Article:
Learning iOS development

I am currently learning all about Objective-C and iOS development.

I’m following the excellent tutorials written by fellow Belgian Bart Jacocs.

The company I am currently working for needs an iOS app in preparation to the HomeKit craze which is expected to happen as soon as devices come available on the market.

Challenge: I have been working on Windows PC machines for about my whole career and don’t have an Apple computer.

Developers need to work with Apple’s Xcode for iOS development. So the company ordered a Mac Mini exactly for this purpose for me to work on.

While waiting until the shiny new Apple gear arrives, nothing stops me from learning about the new programming language, tools and everything around this using my Windows PC.

First thing I learned: it is possible to start with Objective-C code on Windows by following these instructions.

There are a whole bunch of new concepts I have to learn, since my background as a front-end web developer working in JavaScript, Java etc is very different from the Apple World of Programming. But I am certain I will be able to get going quickly because of the plethora of documentation online.

The concepts I need to master in short-term, in no particular order:

  • Objective-C
  • Using an Apple machine
  • XCode IDE
  • iOS guidelines

So wish me luck! I’m going in.

Note: I had installed CodeBlocks on my work dev machine (DELL XPS-12 running Windows 8.1) so I could run C code, but decided I didn’t really need this at this time.

My first Objective-C program

So this is the helloworld.m objective-c program I have been playing with, courtesy of Bart’s tutorial. This amazing code compiles to a nice helloworld.exe program which outputs the prints to the console in Windows PowerShell.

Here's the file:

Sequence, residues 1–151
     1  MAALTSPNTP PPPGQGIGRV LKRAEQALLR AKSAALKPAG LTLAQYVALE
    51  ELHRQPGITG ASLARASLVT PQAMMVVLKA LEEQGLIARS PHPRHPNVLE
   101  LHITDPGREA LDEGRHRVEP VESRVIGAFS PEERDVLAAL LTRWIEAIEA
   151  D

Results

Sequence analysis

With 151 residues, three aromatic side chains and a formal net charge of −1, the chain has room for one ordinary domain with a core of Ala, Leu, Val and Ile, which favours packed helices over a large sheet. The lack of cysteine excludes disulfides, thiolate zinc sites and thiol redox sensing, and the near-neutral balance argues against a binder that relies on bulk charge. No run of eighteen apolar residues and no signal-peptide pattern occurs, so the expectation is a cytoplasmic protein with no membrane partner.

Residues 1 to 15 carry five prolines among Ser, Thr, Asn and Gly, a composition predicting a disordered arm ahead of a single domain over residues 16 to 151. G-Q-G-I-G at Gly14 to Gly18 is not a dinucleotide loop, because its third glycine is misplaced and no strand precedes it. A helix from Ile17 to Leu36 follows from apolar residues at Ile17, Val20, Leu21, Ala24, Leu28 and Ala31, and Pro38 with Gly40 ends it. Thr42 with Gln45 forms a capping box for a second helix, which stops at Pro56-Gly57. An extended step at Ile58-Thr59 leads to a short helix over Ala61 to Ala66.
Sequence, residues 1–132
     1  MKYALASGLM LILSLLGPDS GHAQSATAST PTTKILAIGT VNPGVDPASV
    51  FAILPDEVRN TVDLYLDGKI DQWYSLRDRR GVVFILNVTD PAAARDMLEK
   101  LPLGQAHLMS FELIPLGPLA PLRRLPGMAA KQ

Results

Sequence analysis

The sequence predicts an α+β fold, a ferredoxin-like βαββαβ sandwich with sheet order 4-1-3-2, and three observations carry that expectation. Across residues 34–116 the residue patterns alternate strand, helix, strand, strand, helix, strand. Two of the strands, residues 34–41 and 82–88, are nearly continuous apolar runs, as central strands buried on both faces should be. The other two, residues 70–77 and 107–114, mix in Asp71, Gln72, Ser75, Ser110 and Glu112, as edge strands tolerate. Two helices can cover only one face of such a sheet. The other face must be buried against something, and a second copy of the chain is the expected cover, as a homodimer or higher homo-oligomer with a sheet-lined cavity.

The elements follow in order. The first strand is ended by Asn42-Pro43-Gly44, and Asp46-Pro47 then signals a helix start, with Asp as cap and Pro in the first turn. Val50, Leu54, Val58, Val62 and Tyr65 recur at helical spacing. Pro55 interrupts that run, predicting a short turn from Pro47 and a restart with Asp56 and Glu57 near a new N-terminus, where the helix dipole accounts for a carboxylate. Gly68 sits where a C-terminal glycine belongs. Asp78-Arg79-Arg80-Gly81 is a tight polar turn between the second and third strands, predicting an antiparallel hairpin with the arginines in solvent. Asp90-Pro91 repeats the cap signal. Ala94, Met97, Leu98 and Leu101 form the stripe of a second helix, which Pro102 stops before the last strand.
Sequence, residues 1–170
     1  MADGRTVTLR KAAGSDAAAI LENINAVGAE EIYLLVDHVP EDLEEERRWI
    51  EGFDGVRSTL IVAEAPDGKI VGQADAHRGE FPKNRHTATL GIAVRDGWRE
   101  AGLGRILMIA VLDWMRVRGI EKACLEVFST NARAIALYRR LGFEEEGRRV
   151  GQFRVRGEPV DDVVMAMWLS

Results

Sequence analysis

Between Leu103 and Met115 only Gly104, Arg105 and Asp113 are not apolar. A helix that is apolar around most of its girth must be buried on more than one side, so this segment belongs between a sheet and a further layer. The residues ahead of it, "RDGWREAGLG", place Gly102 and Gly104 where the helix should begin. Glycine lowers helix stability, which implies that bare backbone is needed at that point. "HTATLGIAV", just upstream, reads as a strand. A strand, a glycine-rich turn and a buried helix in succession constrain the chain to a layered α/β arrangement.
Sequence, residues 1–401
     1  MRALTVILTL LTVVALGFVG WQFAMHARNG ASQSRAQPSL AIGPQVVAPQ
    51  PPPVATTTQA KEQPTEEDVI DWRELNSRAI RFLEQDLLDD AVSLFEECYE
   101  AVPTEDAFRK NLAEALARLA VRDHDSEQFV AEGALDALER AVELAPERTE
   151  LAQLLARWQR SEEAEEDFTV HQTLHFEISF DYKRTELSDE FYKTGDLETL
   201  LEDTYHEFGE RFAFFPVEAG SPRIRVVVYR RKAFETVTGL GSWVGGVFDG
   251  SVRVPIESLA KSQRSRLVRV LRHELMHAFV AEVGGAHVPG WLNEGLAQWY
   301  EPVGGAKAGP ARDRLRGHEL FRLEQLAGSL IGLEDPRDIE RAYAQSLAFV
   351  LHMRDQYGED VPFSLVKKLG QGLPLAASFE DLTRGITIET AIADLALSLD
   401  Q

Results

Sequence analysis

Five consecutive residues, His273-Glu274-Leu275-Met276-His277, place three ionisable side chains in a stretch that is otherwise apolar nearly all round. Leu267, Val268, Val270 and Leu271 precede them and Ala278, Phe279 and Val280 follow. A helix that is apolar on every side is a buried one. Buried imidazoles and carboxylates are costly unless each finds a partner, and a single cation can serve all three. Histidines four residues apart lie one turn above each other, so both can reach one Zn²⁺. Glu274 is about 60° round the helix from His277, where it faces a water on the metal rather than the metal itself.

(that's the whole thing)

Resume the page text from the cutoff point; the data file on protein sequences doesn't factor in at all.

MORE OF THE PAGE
* Got Objective-C to compile on Windows thanks to this Stackoverflow post:
 * http://stackoverflow.com/questions/56708/objective-c-for-windows
 * Build command:
 *    gcc -o helloworld.exe helloworld.m -I /GNUstep/GNUstep/System/Library/Headers -L /GNUstep/GNUstep/System/Library/Libraries -std=c99 -lobjc -lgnustep-base -fconstant-string-class=NSConstantString

#include <stdio.h>
#include <Foundation/Foundation.h>

// Structures
struct Album
    int year;
    int tracks;
    int duration;
    NSString *title;

// Function Prototypes

int multiplyByFive(int a);
double averageDuration(double duration, int tracks);
void albumInfo(struct Album theAlbum);
int helloWorld();
NSString *myName = @"Captain Obvious";

int main(void)

    // Declaring two album structures
    struct Album yourAlbum;
    struct Album myAlbum;

    // Giving the albums some properties
    myAlbum.year = 1998;
    myAlbum.tracks = 20;
    myAlbum.title = @"Album A";
    myAlbum.duration = 45;
    yourAlbum.year = 2001;
    yourAlbum.tracks = 18;
    yourAlbum.title = @"Album B";
    yourAlbum.duration = 60;

    // helloWorld() returns the length of the given name
    int nameLength = helloWorld(myName);

    // Console output
    NSLog(@"The length of your name multiplied by five is %d.\n", multiplyByFive(nameLength));

    // Outputting album info


    return 0;

// Function Implementations

int multiplyByFive(int a)
    return a * 5;

double averageDuration(double duration, int tracks)
    return duration / tracks;

void albumInfo(struct Album theAlbum)
    NSLog(@"The album '%@', was released in %d, lasts %d minutes and had %d tracks, with an average track length of %f minutes.\n", theAlbum.title, theAlbum.year, theAlbum.duration, theAlbum.tracks, averageDuration(theAlbum.duration, theAlbum.tracks));

int helloWorld(NSString *theName)
    NSLog(@"Hello %@! Your name is %d characters long.\n", theName, [theName length]);
    return [theName length];

Next steps and research took me to the Write Objective C code pages.

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